I grew up in Prince Albert, Saskatchewan where the Indigenous population is just under 30 percent of the city’s residents. Despite the grand presence of Indigenous peoples that I grew up surrounded by, my experiences engaging with indigenous peoples or ways of knowing were very slim. Unfortunately, my upbringing highlighted many of the negative stereotypes of Indigenous peoples and thus, I was raised in a culture that frowned upon indigenous peoples. As an individual, I am continually working to develop a better understanding of traditional Indigenous ways of knowing and to participate in community events alongside my treaty partners but I still fear that the beliefs and stereotypes that I grew up with have a detrimental influence on my beliefs and ability to open myself up to appropriately and respectfully engage with Indigenous peoples. I used to struggle with acknowledging that I am a racist and admitting that racist thoughts cross my mind. I am working on becoming comfortable with the discomfort that comes with being vulnerable because I think it is important that I am honest with myself and begin to question the thoughts associated with Indigenous peoples that frequently pop into my head. When I am walking down the street and see homeless Indigenous peoples the thought of drug addictions crosses my mind. When I was working in retail, I often caught myself watching Indigenous peoples for theft more than people belonging to other races. When my Indigenous classmates skip school, my mind wonders why they don’t care about or value their education. When I see Indigenous peoples at the casino or liquor store, I think about how they are wasting their child tax funds on gambling and alcohol. When I am planning activities with Indigenous peoples and they are slow to reply to my emails or phone calls, I think they are disrespectful or lazy. Why does my mind automatically think the worst? Why do I continue to group Indigenous peoples as all the same? Why do I still believe damaging and racist stereotypes? I don’t have the exact answers to all of these questions, but I do know that my childhood experiences and the people I grew up around definitely influence these thoughts. With that said, I still fear that these internal thoughts will prevent me from fully opening myself to engaging with Indigenous peoples and committing myself to reconciliation. I am confident that acknowledging these thoughts and vulnerably admitting that they are concerning is a vital step but I am still afraid that I will never fully grow out of them.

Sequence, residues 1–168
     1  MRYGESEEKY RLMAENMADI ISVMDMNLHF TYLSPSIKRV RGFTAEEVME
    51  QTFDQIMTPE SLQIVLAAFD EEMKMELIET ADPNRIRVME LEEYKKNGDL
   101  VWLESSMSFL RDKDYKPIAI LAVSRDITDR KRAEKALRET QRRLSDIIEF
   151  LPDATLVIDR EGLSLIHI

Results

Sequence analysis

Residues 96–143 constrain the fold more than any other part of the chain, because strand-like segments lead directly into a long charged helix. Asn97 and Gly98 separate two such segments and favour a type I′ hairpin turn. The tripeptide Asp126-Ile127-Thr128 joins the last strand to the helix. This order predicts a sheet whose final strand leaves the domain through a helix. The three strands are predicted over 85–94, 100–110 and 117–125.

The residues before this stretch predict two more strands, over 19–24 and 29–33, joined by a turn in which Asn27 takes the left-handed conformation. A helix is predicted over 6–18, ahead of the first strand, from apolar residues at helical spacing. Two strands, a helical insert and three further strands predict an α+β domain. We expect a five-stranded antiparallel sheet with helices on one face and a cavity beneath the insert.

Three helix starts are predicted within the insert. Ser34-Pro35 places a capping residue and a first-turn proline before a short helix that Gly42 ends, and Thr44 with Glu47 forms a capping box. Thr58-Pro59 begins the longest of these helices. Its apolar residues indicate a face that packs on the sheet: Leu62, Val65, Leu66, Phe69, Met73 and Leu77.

Another fear that I have that connects more directly to treaties in the classroom is related to cultural appropriation. Cultural appropriation refers to a particular power dynamic in which members of a dominant culture take elements from a culture of people who have been systematically oppressed by that dominant group. It is problematic because often something significant to the marginalized culture is taken out of context and used in ways that contradict the traditional purposes. My journey through my education degree thus far has permitted me to engage in conversations concerning the importance of incorporating Indigenous culture and traditional ways of knowing into my teaching. I believe that it is crucial to include treaty education in all subject domains but I am worried that I do not know how to do it in a respectful manner that appropriately honours Indigenous peoples. As a mathematics major, I have had a lot of experience discussing inappropriate ideas of incorporating Indigenous culture into mathematics lessons. For example, a teacher may have students determine the circumference of the bottom of a tipi or the angles that the poles meet at but this is a superficial and disappointing way to incorporate Indigenous culture into the math classroom. During the traditional assembly of tipis, these calculated values would never be relevant and Indigenous people would not have used Western European formulas or number systems to calculate measurements. Thus, by using a tipi to perform calculations, one would be taking a traditional symbol and way of life out of Indigenous culture and ignoring the traditional context and practices that make tipis valuable and significant to Indigenous peoples. I am confident that I will always have the right intentions when incorporating Indigenous culture into my classroom but this does not guarantee that the outcome will always be right. I want to avoid cultural appropriation in my classroom but I fear that when I try to incorporate Indigenous culture into my classroom it may appear superficial or disrespectful to the traditional practices of Indigenous Peoples. My goal is not to be heroic or a “white saviour” by including Indigenous practices into my classroom but I am afraid that this could be how it will appear.